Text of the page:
I’m not going to lie, the pasta sauce probably would have tasted better if I had basil on hand to use in addition to the green garlic tops. As it was, it was a quick and easy  dinner that dirtied just two prep dishes total. It’s hard to argue with that! I’ll probably add this recipe, or variations of it, to my regular weeknight rotation going into summer. As soon as I find a version that sticks, I’ll share it with you! Until then, here’s Lynne Rosetto Kasper’s recipe.

Red Enchilada Sauce

Like most Austinites who’ve been here longer than a few years, I have become somewhat of a connoisseur of Tex-Mex cuisine.  I love comparing notes with fellow foodies about which restaurant’s margaritas, salsas, and enchiladas are the best in town, and although we rarely agree, it’s a nice way to build up a good appetite.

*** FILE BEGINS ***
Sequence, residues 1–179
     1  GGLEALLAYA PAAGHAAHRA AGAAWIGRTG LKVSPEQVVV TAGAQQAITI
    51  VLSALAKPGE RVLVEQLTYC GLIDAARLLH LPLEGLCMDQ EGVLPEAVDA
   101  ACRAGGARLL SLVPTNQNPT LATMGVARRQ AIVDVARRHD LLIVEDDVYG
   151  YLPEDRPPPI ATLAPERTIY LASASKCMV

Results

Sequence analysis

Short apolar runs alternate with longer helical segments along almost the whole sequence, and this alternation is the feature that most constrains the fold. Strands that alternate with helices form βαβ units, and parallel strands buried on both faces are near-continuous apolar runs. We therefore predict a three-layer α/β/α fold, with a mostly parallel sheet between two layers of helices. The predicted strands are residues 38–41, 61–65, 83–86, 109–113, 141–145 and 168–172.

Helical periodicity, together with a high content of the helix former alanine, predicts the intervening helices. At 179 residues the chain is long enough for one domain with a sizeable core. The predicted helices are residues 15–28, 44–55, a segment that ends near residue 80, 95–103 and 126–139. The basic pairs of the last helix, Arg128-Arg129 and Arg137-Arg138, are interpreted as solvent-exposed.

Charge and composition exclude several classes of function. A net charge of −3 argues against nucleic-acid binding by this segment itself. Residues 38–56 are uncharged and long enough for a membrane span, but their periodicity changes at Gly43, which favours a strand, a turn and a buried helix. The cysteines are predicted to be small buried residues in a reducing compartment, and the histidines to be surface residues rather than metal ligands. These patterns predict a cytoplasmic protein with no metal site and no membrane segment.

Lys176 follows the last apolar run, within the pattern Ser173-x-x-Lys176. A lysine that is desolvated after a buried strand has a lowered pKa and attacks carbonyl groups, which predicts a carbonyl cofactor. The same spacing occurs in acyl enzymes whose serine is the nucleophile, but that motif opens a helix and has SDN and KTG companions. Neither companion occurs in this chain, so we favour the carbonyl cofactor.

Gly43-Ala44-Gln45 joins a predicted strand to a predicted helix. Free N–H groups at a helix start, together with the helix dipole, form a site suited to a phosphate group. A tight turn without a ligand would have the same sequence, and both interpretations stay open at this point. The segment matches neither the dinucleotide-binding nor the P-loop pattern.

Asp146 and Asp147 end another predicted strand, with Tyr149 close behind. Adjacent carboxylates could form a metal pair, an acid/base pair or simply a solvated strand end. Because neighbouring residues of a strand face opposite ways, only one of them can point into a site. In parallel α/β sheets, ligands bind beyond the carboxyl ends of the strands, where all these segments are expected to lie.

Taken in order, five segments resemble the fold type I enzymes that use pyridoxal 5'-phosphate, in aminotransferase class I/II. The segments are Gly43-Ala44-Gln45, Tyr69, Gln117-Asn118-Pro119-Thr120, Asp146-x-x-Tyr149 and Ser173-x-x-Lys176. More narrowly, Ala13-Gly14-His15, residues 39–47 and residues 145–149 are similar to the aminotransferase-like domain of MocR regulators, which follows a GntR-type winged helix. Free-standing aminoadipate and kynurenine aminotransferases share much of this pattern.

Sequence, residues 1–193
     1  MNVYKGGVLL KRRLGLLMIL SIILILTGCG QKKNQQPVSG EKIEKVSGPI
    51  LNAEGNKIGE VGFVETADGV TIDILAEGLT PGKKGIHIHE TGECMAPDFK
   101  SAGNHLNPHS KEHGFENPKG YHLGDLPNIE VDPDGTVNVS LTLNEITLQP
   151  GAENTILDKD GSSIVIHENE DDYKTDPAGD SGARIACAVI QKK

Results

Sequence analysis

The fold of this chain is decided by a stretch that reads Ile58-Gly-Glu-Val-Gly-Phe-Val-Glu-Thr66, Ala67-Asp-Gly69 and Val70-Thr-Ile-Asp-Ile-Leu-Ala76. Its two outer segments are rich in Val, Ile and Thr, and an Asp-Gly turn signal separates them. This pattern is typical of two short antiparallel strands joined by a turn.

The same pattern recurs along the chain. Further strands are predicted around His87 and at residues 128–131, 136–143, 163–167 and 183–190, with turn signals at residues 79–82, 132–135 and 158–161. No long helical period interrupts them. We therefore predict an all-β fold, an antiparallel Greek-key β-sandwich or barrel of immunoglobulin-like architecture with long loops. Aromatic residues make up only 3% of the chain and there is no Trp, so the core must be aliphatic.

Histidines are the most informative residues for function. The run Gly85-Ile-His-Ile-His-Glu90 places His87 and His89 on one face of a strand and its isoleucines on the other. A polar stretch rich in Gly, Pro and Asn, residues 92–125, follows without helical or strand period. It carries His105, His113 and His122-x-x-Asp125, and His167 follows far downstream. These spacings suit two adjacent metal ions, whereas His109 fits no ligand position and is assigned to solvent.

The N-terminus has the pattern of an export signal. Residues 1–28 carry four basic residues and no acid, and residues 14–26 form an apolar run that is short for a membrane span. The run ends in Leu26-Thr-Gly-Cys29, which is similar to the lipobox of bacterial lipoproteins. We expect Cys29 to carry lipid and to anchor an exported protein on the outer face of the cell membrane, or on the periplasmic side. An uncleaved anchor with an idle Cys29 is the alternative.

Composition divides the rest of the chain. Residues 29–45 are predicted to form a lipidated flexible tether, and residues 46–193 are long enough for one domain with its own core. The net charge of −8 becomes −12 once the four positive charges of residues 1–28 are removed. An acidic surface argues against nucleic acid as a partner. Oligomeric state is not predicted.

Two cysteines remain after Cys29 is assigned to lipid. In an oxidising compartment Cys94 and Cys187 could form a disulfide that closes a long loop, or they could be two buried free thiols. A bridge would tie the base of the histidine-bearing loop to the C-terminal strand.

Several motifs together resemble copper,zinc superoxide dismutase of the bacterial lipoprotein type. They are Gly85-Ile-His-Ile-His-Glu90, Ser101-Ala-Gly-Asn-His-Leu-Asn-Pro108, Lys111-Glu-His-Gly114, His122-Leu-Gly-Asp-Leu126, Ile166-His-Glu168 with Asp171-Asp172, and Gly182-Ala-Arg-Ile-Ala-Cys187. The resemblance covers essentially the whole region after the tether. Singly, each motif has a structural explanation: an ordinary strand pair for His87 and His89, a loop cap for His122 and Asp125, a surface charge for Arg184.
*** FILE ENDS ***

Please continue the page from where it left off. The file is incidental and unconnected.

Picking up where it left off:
There are several excellent bloggers who write extensively about Tex-Mex home cooking; my favorites are superstars Lisa Fain of Homesick Texan and Elise Bauer of Simply Recipes. Though neither writer is based in Texas, their recipes demonstrate that staples like tacos, enchiladas, and burritos lend themselves beautifully to the peppers, greens and tomatoes that grow nearly year-round in Austin. As I’ve experimented with their recipes and others, I have learned that most Tex-Mex food is easy to prepare with everyday ingredients and tools in your kitchen. Take for example this vegan enchilada sauce. If you can use a knife, a stove, and blender, you’ve got what it takes to make killer Tex-Mex.

Half of the sauce from this recipe will cover a 9×13 pan of enchiladas, leaving the rest for whatever creative use you can dream up.  Here are some of my favorite things to do with enchilada sauce, besides topping enchiladas:

At breakfast

  • over a few fried eggs with tortillas
  • with soy chorizo and grits (vegan!)
  • with melted cheese, scrambled egg and chorizo on a tostada shell

At a party

For dinner

Whatever you decide to do with it, I hope you enjoy this simple, healthy enchilada sauce!